“I work as a clerk in the local bank, and make a decent income, enough to keep a wife and family. At least, I’m a cut above the laborers, carpenters, butchers, longshoremen, and chalk-diggers that are typically available to a girl like Emmy, in a place like Thurrock, Essex, where the Thames widens its mouth before drifting towards the sea.
I’m going into this marriage with my eyes open, and I’ve insisted on a couple of things. For example, I told Emmy not to go around giving out our address to people she doesn’t know, especially anyone trying to register voters, and the like. Then I had to put my foot down about having a phone.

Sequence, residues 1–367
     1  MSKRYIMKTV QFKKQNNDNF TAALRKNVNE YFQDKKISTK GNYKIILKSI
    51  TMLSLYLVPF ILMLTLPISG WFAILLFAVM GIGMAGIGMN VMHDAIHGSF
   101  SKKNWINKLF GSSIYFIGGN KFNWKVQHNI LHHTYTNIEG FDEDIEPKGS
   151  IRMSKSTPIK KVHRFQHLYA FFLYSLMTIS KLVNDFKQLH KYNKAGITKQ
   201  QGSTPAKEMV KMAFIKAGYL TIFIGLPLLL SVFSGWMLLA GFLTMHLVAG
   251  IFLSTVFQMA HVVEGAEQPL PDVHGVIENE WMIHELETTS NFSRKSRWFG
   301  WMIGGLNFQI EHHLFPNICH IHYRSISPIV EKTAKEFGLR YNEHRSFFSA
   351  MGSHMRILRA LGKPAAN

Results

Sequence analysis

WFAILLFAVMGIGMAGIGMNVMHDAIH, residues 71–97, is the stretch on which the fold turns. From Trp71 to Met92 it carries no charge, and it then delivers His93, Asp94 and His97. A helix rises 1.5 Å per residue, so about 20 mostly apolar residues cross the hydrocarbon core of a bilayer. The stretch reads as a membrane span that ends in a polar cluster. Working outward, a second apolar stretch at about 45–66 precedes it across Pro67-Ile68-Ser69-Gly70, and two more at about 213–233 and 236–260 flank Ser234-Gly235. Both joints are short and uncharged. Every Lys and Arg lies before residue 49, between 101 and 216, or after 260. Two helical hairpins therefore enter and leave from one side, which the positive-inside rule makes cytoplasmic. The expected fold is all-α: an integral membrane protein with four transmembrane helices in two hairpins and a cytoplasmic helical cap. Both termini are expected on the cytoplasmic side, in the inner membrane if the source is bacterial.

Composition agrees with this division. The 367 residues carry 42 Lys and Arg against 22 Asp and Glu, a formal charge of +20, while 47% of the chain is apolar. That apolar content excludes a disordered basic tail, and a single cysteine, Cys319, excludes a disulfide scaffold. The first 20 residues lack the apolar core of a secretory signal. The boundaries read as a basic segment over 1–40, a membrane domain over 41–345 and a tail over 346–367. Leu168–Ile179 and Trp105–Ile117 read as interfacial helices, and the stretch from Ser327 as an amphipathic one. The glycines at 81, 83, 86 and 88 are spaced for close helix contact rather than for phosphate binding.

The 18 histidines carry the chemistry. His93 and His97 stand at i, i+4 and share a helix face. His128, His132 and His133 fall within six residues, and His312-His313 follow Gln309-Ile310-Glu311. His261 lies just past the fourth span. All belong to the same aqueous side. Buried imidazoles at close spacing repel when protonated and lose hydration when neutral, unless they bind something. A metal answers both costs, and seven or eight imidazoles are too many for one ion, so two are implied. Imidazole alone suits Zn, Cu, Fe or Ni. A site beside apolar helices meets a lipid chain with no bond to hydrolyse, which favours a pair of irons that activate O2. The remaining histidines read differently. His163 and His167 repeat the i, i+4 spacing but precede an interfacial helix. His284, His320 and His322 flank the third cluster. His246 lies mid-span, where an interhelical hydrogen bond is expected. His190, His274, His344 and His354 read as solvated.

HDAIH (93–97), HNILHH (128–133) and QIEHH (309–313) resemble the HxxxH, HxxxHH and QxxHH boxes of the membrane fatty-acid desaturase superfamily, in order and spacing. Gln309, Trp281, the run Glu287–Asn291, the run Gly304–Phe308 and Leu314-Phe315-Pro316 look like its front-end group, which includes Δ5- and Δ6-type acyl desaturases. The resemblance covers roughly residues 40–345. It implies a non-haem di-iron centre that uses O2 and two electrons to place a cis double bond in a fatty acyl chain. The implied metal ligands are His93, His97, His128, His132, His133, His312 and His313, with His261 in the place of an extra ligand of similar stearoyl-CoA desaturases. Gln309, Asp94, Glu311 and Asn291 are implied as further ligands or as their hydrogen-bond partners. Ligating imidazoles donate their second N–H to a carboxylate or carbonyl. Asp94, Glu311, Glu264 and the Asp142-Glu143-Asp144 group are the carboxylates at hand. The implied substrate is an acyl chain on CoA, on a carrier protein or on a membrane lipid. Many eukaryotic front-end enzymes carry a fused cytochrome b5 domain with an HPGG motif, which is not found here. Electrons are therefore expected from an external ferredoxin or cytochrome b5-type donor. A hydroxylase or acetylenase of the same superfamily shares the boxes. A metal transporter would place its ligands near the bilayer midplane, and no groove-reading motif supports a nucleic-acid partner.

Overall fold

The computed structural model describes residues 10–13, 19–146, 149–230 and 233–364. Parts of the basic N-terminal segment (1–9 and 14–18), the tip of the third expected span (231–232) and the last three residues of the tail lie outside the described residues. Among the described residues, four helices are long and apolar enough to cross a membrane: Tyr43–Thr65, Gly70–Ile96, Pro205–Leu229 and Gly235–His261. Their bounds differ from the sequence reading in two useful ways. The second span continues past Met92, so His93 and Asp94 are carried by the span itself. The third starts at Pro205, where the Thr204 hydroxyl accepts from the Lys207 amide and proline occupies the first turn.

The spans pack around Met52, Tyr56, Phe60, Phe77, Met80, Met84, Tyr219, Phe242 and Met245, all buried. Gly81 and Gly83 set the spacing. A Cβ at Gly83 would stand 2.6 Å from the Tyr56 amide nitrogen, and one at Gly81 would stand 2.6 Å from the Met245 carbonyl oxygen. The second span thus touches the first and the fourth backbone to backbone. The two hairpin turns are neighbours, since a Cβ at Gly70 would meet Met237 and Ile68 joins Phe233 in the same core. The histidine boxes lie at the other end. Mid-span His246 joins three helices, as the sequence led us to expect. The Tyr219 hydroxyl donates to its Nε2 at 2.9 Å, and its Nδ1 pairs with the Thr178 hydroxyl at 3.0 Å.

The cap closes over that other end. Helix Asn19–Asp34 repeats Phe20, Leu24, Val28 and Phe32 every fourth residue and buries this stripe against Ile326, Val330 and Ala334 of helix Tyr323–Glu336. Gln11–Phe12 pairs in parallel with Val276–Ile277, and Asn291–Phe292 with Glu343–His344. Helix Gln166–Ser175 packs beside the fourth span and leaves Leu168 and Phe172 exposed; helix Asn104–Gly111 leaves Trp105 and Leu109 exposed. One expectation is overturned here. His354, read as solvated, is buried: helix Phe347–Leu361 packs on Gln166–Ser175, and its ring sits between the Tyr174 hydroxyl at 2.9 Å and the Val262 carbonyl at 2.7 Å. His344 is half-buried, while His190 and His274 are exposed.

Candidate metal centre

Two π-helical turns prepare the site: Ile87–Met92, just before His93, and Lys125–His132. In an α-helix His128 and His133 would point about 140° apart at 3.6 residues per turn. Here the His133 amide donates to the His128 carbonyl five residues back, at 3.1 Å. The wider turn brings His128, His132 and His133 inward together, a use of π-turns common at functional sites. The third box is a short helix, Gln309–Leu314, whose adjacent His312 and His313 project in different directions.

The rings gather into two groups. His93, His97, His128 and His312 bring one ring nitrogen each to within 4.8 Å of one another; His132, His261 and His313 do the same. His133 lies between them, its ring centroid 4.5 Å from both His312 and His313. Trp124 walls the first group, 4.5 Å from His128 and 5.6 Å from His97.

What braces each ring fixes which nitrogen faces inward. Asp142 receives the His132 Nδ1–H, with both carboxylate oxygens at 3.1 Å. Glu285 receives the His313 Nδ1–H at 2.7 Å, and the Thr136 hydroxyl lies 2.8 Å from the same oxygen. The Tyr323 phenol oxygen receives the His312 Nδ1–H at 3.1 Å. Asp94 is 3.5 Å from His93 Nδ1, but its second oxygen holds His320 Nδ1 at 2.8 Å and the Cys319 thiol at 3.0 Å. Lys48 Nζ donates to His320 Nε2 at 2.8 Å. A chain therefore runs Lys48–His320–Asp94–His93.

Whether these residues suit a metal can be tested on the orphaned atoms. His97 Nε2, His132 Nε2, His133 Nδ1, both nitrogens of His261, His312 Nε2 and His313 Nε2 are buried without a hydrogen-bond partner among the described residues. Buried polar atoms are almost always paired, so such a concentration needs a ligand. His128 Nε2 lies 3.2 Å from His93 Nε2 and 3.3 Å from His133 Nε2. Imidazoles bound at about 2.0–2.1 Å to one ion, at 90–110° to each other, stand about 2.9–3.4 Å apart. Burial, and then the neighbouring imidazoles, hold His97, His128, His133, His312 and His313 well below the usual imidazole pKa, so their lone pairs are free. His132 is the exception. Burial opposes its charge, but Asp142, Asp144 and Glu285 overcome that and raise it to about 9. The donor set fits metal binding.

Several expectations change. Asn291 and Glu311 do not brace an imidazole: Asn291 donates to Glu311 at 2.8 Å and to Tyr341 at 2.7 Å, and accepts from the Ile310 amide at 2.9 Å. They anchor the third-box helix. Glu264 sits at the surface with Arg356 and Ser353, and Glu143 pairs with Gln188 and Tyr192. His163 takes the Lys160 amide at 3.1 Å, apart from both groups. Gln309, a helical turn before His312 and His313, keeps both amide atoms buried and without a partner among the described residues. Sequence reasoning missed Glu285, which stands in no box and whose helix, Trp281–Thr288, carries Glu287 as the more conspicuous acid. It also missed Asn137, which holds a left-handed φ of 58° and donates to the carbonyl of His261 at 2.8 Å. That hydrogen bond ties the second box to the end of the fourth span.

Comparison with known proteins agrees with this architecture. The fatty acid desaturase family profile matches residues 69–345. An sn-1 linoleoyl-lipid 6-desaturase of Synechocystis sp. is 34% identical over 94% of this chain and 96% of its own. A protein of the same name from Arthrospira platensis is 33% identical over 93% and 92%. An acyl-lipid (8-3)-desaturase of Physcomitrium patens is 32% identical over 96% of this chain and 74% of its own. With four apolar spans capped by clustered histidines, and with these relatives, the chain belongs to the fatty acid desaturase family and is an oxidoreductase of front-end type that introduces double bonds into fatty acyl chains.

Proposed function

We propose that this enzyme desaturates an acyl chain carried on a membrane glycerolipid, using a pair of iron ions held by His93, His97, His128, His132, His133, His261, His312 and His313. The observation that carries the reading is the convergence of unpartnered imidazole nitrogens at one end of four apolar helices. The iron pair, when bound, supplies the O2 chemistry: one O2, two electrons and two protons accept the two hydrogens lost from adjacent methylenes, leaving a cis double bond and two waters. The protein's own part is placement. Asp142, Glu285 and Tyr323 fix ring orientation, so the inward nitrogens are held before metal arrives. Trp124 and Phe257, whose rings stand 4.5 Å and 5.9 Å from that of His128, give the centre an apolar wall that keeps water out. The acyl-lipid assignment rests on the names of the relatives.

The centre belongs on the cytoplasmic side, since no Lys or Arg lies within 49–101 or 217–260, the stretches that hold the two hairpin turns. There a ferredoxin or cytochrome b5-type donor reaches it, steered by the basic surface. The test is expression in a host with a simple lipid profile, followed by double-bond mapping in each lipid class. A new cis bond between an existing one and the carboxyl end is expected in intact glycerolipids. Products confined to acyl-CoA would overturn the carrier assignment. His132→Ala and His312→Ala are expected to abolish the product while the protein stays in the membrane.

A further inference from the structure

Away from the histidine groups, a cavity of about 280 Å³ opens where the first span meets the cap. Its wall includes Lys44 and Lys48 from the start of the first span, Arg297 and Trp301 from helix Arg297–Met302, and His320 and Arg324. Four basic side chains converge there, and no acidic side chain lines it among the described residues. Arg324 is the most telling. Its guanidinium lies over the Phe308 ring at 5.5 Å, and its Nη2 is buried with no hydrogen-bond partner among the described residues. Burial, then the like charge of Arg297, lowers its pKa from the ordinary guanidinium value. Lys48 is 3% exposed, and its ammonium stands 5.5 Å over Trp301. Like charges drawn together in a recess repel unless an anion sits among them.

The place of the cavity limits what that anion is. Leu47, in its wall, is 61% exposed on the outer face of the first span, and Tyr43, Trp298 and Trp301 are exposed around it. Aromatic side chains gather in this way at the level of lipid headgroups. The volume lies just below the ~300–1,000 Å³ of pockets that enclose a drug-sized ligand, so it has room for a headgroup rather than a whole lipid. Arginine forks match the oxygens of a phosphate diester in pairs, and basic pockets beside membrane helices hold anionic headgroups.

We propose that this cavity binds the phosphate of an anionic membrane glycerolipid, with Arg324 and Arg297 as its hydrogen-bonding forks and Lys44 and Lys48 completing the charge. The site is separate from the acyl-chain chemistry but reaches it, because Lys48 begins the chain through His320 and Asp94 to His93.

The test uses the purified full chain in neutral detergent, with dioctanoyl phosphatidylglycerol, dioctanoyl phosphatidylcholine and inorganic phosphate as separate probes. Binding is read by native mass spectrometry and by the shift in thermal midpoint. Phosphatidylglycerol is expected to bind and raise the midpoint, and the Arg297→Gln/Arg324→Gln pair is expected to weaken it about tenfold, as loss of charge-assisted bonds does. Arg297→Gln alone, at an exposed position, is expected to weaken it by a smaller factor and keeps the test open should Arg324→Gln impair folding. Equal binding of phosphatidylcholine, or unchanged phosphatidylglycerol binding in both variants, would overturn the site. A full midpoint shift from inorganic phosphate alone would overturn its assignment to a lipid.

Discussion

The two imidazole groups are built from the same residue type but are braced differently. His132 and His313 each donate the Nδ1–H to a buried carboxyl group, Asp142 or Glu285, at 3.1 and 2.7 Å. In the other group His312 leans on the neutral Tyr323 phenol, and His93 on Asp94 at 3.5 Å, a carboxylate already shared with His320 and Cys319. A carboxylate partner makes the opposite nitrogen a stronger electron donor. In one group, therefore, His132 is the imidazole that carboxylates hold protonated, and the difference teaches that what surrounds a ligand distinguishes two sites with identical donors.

“What do you need a phone for, Emmy, dear?” I said one day, in response to her tentative request. “You’ve got your mother and father not a stone’s throw away, not to mention all your brothers and sisters.”
Her large brown eyes looked up into mine. “I thought it would be a convenience.”
Usually those eyes would have the effect of making me give in, but not today.
“It would be an intrusion,” I countered. “It would be more money than we can afford. You know that.”
Emmy, like the good girl she is, dropped the matter, and that was that.
[To be continued.]